Suddenlink’s Max 107.0 service touches down in W.Va., Ohio
Suddenlink Communications launched its Max 107.0 DOCSIS 3.0-based data service in two counties in West Virginia and in two counties in Ohio.
Max 107.0, which features the fastest DOCSIS 3.0 downstream speeds in the nation, is now available to Suddenlink’s residential subscribers in the West Virginia counties of Mason and Jackson, as well as in Gallia and Meigs counties in Ohio.
Suddenlink spokesman Gene Regan said the 107 Mbps tier, which features an upstream of up to 5 Mbps, would launch any day in Amarillo, Texas.
The Ohio/West Virginia area, which includes Point Pleasant, Ripley, Ravenswood, Gallipolis and Pomeroy, was among the earliest in Suddenlink’s footprint to receive the Max 107.0 tier, which was first launched in Georgetown, Texas, on March 30 and then in Tyler, Texas, on May 18.
Max 107.0 has also blazed a trail into the Austin, Texas, suburbs of Georgetown, Leander and Pflugerville. Max 107.0 cost $120 per month as a standalone service and $107 per month as part of a bundled package.
Earlier this month, Suddenlink started offering its DOCSIS 3.0-enabled Max 50.0 service in Bryan-College Station in Texas, which it said was the fastest residential high-speed Internet service in the community. Max 50.0 features a download speed of up to 50 Mbps and an upstream speed of up to 3 Mbps.
In addition to Bryan-College Station, Suddenlink has deployed Max 50.0 in New Bern, N.C., Bossier City and Lake Charles/Sulphur, La., and Nixa/Ozark, Mo.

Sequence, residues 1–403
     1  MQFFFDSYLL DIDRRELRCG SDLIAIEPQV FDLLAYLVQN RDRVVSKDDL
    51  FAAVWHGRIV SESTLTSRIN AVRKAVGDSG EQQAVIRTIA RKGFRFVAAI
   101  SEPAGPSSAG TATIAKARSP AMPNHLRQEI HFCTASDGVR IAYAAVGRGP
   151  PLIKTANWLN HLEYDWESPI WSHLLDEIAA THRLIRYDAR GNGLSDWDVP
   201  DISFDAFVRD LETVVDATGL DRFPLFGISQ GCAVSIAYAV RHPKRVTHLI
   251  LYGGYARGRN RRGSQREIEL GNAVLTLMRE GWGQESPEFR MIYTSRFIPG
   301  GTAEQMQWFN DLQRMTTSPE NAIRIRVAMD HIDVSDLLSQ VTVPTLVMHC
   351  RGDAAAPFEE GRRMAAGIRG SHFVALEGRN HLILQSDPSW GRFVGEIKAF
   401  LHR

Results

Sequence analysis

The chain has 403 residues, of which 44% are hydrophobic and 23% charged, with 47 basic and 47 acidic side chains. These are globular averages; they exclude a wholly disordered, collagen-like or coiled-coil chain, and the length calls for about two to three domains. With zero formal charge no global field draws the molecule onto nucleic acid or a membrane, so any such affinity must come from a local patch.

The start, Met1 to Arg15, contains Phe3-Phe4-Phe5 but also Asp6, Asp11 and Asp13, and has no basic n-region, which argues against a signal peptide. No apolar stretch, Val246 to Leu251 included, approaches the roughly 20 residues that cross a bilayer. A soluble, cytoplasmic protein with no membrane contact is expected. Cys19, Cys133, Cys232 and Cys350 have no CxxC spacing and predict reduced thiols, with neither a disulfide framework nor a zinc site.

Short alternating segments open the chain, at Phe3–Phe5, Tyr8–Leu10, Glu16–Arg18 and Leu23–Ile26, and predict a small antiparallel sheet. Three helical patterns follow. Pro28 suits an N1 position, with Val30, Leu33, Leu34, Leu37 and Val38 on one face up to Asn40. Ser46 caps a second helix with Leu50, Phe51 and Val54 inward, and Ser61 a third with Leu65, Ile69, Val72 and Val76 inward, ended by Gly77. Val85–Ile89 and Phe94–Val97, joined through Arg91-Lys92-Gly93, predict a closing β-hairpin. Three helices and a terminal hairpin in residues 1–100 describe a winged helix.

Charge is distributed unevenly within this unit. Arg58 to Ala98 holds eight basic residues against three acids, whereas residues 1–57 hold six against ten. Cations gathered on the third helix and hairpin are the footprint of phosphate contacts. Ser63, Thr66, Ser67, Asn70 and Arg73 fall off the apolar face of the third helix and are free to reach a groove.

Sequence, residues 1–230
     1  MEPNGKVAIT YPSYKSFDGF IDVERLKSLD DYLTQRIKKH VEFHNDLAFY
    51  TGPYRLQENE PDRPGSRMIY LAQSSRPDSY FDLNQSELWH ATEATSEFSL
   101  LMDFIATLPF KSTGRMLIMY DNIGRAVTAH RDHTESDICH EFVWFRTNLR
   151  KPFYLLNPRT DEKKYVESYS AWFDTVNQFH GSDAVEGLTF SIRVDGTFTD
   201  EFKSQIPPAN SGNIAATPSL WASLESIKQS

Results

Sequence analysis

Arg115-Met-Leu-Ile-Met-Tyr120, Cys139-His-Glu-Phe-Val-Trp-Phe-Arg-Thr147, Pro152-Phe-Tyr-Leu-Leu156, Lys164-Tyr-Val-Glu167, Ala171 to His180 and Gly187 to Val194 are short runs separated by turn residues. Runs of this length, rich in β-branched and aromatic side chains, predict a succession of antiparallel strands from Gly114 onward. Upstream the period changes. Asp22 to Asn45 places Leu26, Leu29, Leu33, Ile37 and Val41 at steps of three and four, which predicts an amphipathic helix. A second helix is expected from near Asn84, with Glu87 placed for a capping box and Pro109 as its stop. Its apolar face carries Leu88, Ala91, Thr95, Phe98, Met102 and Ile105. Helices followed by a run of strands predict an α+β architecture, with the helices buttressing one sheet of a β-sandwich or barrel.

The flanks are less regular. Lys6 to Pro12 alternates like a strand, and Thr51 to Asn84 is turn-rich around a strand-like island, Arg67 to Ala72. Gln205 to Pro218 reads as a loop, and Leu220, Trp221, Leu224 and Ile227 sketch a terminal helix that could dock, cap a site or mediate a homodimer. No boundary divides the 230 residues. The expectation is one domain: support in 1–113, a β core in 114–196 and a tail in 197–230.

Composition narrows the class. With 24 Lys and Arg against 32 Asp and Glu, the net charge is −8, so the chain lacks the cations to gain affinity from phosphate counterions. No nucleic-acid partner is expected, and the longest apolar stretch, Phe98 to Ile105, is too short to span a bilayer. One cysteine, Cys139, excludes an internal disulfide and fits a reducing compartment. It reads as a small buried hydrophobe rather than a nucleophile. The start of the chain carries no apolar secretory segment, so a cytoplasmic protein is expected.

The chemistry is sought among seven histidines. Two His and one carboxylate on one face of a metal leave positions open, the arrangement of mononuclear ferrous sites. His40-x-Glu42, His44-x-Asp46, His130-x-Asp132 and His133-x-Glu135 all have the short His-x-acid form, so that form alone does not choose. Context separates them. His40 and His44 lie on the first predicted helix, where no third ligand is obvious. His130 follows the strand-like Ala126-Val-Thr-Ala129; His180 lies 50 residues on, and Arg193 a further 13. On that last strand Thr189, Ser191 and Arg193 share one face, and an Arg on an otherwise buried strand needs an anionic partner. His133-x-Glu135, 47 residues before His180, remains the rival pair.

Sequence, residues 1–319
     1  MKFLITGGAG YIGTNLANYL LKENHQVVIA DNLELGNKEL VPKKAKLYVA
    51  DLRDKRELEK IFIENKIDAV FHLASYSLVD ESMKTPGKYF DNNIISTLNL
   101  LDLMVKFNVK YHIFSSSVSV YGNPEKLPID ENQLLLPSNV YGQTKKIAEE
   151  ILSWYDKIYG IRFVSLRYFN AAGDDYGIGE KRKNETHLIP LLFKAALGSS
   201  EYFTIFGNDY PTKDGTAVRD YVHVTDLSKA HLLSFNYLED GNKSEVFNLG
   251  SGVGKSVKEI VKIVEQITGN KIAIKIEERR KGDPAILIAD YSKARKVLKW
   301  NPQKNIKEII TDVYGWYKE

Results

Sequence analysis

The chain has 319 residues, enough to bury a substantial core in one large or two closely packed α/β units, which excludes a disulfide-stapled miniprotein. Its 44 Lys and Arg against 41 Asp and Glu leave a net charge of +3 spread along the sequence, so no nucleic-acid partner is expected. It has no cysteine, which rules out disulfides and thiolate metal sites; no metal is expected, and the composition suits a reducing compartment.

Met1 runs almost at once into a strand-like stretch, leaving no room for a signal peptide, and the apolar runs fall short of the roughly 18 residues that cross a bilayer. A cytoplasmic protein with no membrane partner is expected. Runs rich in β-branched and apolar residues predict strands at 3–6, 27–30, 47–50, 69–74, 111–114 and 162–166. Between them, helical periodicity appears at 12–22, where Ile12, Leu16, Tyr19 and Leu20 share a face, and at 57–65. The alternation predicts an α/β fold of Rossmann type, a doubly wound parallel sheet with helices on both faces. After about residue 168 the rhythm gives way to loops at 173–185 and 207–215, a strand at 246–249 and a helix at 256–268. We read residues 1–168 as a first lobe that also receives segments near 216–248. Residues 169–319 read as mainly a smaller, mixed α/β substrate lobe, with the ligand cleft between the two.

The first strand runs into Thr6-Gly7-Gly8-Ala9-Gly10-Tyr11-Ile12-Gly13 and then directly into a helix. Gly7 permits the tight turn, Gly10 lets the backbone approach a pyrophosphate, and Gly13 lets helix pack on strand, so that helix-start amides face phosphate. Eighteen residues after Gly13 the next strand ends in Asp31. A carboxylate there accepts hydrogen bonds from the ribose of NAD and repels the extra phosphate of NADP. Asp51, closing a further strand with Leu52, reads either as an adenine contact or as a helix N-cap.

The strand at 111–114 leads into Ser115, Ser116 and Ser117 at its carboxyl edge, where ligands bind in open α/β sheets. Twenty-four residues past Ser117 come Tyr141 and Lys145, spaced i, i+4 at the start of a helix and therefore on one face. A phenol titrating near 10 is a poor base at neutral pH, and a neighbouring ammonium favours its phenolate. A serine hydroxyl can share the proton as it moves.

Suddenlink doesn’t offer Max 107.0 and Max 50.0 in the same markets. Max 50.0 costs $110 per month a la carte and $100 bundled
In February, Suddenlink started offering its Max 36.0 tier, which has download speeds of up to 36 Mbps and upstream speeds of up to 2 Mbps, in Lubbock and Midland, Texas.
Max 36.0 costs $75 per month a la carte and $65 as part of a bundle. Regan said Max 36.0 was an interim DOCSIS 3.0 tier before the company offers faster speeds in those areas.
Regan said Suddenlink has launched its 20 Mbps residential tier in numerous markets. Suddenlink also offers data tiers with speeds of up to 1.5, 10 and 15 Mbps.
The DOCSIS 3.0 tiers are the result of Suddenlink’s “Project Imagine,” which calls for approximately $350 million of capital investments nationwide through 2012, above and beyond the company’s traditional capital spending levels. In addition to the DOCSIS 3.0 tiers, Project Imagine’s roadmap also includes more HD choices, expanded digital phone service and more VOD offerings.
Regan wrote via e-mail that Suddenlink has stretched its DOCSIS 3.0 reach to 66 percent of its basic subscribers, which was up from 12 percent on June 30. Once Project Imagine wraps up in two years, Suddenlink expects to have DOCSIS 3.0 in 90 percent of its footprint.
At The Cable Show last month, Suddenlink senior vice president and CTO Terry Cordova said his company was targeting DOCSIS 3.0 in 75 percent of its footprint by year’s end.
During a session at The Cable Show, Cordova said Suddenlink typically allocated four to six channels for DOCSIS 3.0 deployments in smaller markets and up to eight channels in larger markets.
And Suddenlink, along with Cablevision and Charter, has reportedly submitted a bid to buy Bresnan Communications.